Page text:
Monday, January 11, 2016

Love and violence in post-apocalyptic Africa

Nnedi Okorafor
As often happens when I gather stats for my end-of-year summary, I was a bit appalled by how few books I read in 2015 from my TBR shelves.  Thus, I ended the year with a book I've owned for a few years, Nnedi Okorafor's Who Fears Death.

Who Fears Death is a popular choice for A More Diverse Universe, possibly because of #Diversiverse's fantasy and science fiction roots.  It takes place some time in the future in Africa, where a seemingly never-ending war continues between the Nuru, the oppressors, and the Okeke, the oppressed.  Onyesonwu is a child of rape, an Ewu, with strong magical abilities and a destiny to end the genocide of her Okeke people.  She learns how to control her powers (to an extent) from a revered shaman but all too soon, she must face her destiny.

It took me a long time to read this book because of the violent premise; Onyesonwu is a child of rape, and that fact reverberates through much of the story.  There is other sexual violence in this novel that is difficult to read, too, and those acts also have repercussions for characters through the story.  I do not enjoy books in which females experience a loss of agency and power over their own bodies (and this happens more often than I'd like in fantasy and historical fiction).  That said, it is a realistic portrayal of what life has in store for more people than we'd like.  And in Okorafor's story, every woman, from Onyesonwu's mother to all of her friends ,becomes a change agent who is able to influence and change events.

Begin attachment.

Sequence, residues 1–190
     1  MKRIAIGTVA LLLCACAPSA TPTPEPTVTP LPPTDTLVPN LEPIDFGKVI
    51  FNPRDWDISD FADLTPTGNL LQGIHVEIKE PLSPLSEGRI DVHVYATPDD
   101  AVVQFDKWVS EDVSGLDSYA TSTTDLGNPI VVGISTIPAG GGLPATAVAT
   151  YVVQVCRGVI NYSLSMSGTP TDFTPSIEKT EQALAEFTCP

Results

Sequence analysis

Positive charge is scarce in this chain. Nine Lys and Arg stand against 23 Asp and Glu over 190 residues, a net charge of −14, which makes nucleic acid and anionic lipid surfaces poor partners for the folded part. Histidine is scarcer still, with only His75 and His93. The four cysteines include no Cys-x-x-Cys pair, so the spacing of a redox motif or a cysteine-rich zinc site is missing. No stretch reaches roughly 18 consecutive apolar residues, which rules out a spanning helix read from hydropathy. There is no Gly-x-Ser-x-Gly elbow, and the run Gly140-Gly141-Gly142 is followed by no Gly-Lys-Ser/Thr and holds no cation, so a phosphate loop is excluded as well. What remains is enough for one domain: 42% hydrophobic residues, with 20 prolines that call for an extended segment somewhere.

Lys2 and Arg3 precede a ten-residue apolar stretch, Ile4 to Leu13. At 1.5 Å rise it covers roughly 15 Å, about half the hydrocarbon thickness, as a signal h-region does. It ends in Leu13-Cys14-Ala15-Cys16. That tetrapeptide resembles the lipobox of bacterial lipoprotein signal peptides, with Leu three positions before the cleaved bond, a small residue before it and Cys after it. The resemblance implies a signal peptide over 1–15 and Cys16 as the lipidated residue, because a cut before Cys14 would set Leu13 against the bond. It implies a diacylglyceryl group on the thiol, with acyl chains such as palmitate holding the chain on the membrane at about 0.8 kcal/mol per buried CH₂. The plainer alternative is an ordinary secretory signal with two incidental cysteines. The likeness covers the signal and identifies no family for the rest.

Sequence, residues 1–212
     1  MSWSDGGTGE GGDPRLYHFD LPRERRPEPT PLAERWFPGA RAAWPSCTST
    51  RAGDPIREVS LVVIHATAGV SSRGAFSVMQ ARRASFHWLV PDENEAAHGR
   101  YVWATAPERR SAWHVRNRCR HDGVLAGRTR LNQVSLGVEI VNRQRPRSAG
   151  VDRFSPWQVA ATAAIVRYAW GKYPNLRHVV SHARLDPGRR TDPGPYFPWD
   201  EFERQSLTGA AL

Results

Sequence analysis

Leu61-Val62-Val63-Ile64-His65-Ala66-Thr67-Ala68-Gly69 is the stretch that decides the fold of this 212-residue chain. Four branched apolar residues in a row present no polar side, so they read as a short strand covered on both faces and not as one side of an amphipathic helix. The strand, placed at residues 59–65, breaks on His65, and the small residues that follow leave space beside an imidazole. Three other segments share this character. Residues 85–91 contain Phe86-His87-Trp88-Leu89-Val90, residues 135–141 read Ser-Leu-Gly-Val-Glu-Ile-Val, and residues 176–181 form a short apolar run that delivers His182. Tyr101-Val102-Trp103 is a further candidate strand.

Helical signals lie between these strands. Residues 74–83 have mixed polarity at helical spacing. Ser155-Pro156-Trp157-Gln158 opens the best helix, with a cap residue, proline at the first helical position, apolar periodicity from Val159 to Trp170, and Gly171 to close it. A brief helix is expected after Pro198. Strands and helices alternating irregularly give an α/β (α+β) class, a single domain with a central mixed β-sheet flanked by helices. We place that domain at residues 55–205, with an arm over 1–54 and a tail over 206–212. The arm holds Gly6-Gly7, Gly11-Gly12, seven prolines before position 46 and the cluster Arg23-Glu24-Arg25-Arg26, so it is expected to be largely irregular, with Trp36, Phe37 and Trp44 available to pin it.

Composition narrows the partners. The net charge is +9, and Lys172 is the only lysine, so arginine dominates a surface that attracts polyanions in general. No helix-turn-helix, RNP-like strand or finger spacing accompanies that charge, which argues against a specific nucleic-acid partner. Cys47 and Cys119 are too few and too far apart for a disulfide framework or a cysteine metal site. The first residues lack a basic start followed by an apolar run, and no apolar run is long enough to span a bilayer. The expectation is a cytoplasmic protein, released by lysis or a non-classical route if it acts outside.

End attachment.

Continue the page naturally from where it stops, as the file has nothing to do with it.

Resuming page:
I thoroughly enjoyed the first half of this book, though I admit I lost some steam in the second half.  I feel like so many fantasy stories get bogged down in the whole "journey to destiny" part.  It always seems to take forever, there's always some sort of internal drama in the group that's traveling together, and everyone is just waiting for the next big thing to happen.  Who Fears Death was no exception to this, and I found myself skimming a few chapters while Onyesonwu and her friends bickered their way through the desert.  However, there were some really cool characters introduced in this section, including a whole nomadic tribe of red people who traveled with the sandstorms.  Okorafor has a great sense of creativity, and the way she can bring history and tradition and culture to life in short descriptions and interactions is really impressive.

One of my favorite things about this book was the way Onyesonwu dealt with all of the stigmas against her - being female, being Ewu, being a foreigner in her hometown and all the rest.  Okorafor used her to make so many interesting points about sexism and racism and how even those who know you best can fall prey to stereotypes and jealousy and anger.  I loved that about this book, and I am so excited to see what Okorafor does with those types of issues in her other novels.


  1. I do want to try this one

  2. Apart from the travelling around thing (I have to agree with you on that one, I tend to find those sections of books boring for the repetitiveness) I wouldn't mind reading this, the points you mention being made sound well written. I've also not heard of it before; if it's a popular reading choice I feel the need to check it out.

  3. Yes yes, I lost steam in the second half too, and in fact, I think that's been a recurring problem I've had with Okorafor's novels. I'm hoping that as she progresses as a writer, it'll be less of a problem? I dunno.

  4. This sounds like an intriguing book.


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